Abstract 30: Appropriate Cardiac Catheterization Lab Activation Comparison Between Various Lab Activating Groups for Acute ST Elevation Myocardial Infarction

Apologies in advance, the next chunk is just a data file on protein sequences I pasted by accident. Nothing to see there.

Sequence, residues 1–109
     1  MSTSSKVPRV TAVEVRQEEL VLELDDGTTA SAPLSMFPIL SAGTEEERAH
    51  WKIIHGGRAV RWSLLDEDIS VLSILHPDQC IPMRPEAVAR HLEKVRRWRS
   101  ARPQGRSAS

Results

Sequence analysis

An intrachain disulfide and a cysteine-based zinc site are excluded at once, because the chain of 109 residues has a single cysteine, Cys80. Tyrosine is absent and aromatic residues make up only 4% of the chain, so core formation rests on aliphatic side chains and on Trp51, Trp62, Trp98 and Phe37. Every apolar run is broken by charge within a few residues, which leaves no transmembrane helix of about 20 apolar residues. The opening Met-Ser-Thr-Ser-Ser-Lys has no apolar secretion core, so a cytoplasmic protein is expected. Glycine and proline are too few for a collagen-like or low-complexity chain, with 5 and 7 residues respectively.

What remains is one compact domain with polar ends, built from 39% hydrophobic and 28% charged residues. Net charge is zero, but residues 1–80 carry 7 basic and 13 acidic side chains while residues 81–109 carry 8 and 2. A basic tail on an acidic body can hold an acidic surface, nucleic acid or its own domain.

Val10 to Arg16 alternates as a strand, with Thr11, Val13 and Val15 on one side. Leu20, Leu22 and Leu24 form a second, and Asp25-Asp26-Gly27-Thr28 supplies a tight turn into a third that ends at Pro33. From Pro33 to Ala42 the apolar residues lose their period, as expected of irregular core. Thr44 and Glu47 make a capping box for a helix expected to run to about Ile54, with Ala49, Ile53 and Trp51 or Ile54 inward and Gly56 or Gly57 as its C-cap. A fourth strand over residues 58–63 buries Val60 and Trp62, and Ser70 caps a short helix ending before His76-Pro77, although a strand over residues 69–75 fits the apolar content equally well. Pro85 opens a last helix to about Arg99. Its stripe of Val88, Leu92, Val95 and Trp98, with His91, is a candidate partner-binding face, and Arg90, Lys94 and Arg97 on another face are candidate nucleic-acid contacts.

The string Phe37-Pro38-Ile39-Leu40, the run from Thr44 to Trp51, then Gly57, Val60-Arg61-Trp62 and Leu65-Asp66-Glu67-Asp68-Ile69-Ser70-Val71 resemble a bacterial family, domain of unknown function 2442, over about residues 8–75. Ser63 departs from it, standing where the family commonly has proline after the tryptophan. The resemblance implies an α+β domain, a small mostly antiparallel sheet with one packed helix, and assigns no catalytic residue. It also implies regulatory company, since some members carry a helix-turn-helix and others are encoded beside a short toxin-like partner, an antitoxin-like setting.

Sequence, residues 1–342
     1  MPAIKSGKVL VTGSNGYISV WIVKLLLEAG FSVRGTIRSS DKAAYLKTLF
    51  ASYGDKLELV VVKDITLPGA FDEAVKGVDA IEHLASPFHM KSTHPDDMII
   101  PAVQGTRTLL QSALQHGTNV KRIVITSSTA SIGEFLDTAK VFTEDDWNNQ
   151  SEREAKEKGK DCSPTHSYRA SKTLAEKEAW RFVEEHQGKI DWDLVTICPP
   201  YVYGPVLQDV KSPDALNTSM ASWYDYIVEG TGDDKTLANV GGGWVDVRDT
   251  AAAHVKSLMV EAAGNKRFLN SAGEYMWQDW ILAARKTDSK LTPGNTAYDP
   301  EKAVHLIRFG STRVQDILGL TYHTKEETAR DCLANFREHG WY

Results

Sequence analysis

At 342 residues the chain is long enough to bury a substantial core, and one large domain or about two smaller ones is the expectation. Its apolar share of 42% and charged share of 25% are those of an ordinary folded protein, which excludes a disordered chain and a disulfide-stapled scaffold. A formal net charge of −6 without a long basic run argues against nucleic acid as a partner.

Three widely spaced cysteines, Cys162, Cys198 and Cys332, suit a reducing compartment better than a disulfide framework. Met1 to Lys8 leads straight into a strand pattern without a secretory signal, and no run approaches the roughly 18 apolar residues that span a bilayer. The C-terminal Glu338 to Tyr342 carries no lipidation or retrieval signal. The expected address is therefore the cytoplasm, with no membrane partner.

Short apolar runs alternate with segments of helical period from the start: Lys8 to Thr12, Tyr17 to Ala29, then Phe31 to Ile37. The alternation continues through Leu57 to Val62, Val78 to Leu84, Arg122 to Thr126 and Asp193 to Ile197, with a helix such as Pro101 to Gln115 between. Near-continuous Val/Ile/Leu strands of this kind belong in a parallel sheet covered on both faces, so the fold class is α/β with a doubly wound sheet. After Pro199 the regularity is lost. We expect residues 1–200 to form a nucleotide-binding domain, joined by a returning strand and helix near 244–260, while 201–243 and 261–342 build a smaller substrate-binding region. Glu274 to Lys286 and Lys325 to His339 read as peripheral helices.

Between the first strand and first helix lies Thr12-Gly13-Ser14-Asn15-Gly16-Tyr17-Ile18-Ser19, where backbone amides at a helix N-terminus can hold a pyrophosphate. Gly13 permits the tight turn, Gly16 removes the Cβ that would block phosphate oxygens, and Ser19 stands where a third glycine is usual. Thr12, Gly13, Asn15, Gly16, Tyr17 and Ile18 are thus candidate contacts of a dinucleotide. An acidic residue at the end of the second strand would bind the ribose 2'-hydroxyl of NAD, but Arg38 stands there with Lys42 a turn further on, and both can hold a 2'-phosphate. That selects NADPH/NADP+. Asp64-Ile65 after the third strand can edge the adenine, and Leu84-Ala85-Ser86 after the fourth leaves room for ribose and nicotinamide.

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Background: Rapid activation of the cardiac catheterization laboratory for primary percutaneous coronary intervention (PCI) improves outcomes for ST-segment elevation myocardial infarction (STEMI), but selected emphasis on minimizing time to reperfusion may lead to an increased frequency of false -positive STEMI activations (FPSA). While delays in reperfusion therapy are associated with worse outcomes, inaccurate diagnosis also has potential clinical as well as cost related repercussions. According to prior reports, FPSA rates vary between 15-52 percent.Method: We analyzed consecutive patients referred for primary PCI for a possible STEMI at a single center from November 2013 to February 2017. False-positive STEMI activation was defined as lack of electrocardiographic criteria consistent with American College of Cardiology/American Heart Association guidelines for diagnosis of STEMI, and clinical assessments. Overall differences amongst various STEMI activators were evaluated using Chi-square test. Differences between working-hours (0700-1600) versus off-hours (1601-0659) were evaluated using Cochran-Mantel-Haenszel test.Results: Of 355 STEMI activations, 194 (55%) were called by emergency physicians (ED), 81 (23%) by emergency medical services (EMS) and 80 (22%) by other (inpatient services & out of hospital transfers). A total of 120 (34%) cases occurred during working-hours and 235 (66%) cases occurred during off-hours. The average age of the study population was 62 (13) years, with 245(68%) males and average BMI of 30 (6) kg/m2. The prevalence of FPSA initiated by the ED, EMS, and others was 32 (16.5%), 9 (11%), and 14 (18%), respectively (p=0.06). Of FSPA, 40% were anterior, 25% inferior, 21% lateral, and 14% inferolateral wall infarctions. Out of 55 total FPSA, 37 (67%) occurred during the off-hours. Comparing activators based on hours, the prevalence of FPSA during off-hours initiated by the ED, EMS, and others were 69%, 66%, and 66%, respectively (p=0.6).Conclusion: In this study, approximately 1 out of 6.5 STEMI activations was a false-positive. This trend is the same during working as well as off-hours and does not differ between various STEMI activators. Improved and structured communication between cardiology, emergency medicine, and paramedic teams may promote lower false positive rates and positively impact overall delivery of care.

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